Every coat of arms tells a story and a growing number of people are commissioning their own…


Every coat of arms tells a story and a growing number of people are commissioning their own…

James Laver, curator for the Victoria and Albert Museum between 1938 and 1959, famously founded the ‘law of the fashion cycle’ which states that fashion trends come back around every 50 years – but he was wrong. Having a bespoke coat of arms is the ultimate new accessory, and one that has taken around 900 years to come back into vogue.

It’s not a resurgence of jousting that has precipitated this change and, in reality, coats of arms have never completely gone away for official positions. However, specially commissioned unofficial coats of arms are becoming popular motifs among modern celebrities and business moguls. Today, they can be found adorning stationery, emblazoned on the sides of yachts, embroidered into car seats or even embossed onto leather luggage.

Heraldic history

First appearing in the 12th century, crests and coats of arms were essentially the first brand logos. When knights would meet on the battlefield or at jousting tournaments, the designs on their shields and armour would help identify them. Heralds, whose main role was the proclamation and organisation of tournaments, would recognise knights by their coat of arms. Later, they also became responsible for recording them and controlling their use.

Coats of arms evolved from simple identifiers to family emblems, with designs reflecting the status and achievements of each family. However, and contrary to popular belief, there is no such thing as a single coat of arms for a family name. Generations would modify the designs on the shield (known as the ‘charge’) to reflect their personal values, while maintaining the upper portion (the ‘crest’) as the overarching symbol of that specific family.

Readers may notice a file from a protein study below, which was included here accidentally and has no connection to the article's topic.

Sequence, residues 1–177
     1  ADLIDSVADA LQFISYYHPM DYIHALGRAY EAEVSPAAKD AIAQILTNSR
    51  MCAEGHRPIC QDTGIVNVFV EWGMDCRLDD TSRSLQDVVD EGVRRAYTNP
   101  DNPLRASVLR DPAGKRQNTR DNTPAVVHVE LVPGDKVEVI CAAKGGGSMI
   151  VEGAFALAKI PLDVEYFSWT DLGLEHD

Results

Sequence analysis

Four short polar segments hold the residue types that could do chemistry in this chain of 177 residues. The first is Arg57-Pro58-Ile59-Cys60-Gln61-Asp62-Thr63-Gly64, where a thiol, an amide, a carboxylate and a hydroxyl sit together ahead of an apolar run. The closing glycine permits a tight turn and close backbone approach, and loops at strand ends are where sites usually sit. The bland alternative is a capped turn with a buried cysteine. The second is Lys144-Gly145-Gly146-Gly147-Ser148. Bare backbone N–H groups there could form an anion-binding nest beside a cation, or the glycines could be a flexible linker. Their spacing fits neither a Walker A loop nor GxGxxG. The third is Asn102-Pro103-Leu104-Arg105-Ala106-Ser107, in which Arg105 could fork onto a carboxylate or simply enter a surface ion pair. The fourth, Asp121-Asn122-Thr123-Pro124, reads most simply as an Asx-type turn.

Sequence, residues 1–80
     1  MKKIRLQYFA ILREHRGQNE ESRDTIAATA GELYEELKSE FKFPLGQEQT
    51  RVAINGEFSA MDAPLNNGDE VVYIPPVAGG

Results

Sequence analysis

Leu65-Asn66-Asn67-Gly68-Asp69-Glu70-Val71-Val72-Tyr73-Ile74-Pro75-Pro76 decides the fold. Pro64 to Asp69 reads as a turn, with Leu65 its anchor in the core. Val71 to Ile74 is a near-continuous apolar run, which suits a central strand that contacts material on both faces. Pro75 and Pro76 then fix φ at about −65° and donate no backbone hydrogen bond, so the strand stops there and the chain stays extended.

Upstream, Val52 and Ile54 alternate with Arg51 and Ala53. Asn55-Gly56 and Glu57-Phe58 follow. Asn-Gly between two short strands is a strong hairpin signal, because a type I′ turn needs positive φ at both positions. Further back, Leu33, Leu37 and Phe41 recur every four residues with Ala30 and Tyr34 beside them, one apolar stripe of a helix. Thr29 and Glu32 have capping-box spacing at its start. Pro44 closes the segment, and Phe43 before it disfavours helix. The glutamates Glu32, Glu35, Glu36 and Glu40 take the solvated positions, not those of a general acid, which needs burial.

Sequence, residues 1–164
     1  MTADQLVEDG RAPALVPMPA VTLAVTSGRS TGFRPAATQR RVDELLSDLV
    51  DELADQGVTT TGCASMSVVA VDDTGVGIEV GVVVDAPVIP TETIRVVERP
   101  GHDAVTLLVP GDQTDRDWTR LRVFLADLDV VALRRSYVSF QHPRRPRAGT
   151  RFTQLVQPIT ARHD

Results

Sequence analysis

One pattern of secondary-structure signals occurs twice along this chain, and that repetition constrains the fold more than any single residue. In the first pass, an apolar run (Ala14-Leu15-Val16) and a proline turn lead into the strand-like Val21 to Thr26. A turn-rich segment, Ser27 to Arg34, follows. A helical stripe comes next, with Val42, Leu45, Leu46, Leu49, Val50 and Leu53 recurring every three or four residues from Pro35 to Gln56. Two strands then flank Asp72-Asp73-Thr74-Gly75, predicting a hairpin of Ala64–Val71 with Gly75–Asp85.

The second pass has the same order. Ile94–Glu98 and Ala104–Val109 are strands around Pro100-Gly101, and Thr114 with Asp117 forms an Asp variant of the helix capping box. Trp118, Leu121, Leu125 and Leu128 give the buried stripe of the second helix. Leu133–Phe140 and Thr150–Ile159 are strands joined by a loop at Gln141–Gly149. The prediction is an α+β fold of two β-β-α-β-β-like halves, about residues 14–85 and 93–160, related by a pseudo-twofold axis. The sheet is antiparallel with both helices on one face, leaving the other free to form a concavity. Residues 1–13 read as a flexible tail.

The use of coats of arms spread during the late Middle Ages to establishments such as cities and towns, and they have continued to be granted to companies, charities, civic bodies and even entire nations ever since.

Seal of approval

Coats of arms are still an effective means of communicating heritage and prestige for individuals and organisations, and this is why their use was once heavily regulated. Even today, official coats of arms in the United Kingdom and many Commonwealth countries must still be formally granted by the College of Arms.

Founded in 1484, the College of Arms is the world’s most famous official heraldic authority. Since the 15th century, new official coats of arms have been granted to individuals and corporate bodies by the senior heralds in royal service – the Kings of Arms. Today, the College grants approximately 140 coats of arms each year and maintains a register of them.

The first step in applying for a grant of arms is to submit a petition, called a ‘memorial’, to a senior official called the Earl Marshal. Although there are no fixed criteria, factors such as honours from the Crown and professional qualifications are considered. If the Earl Marshal approves, the design process begins. Once the design has been finalised, it is checked against the register of arms to ensure it is distinct and then submitted to the Kings of Arms for their approval. The applicant’s preferences are taken into account, but the Kings of Arms make the final decision about accepting the design.